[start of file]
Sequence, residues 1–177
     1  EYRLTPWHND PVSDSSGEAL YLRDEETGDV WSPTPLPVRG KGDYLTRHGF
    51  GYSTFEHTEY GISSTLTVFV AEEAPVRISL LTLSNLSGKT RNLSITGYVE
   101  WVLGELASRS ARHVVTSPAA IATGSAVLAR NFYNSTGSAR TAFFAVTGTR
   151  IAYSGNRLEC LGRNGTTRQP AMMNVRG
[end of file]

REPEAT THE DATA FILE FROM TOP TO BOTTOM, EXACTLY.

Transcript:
Sequence, residues 1–177
     1  EYRLTPWHND PVSDSSGEAL YLRDEETGDV WSPTPLPVRG KGDYLTRHGF
    51  GYSTFEHTEY GISSTLTVFV AEEAPVRISL LTLSNLSGKT RNLSITGYVE
   101  WVLGELASRS ARHVVTSPAA IATGSAVLAR NFYNSTGSAR TAFFAVTGTR
   151  IAYSGNRLEC LGRNGTTRQP AMMNVRG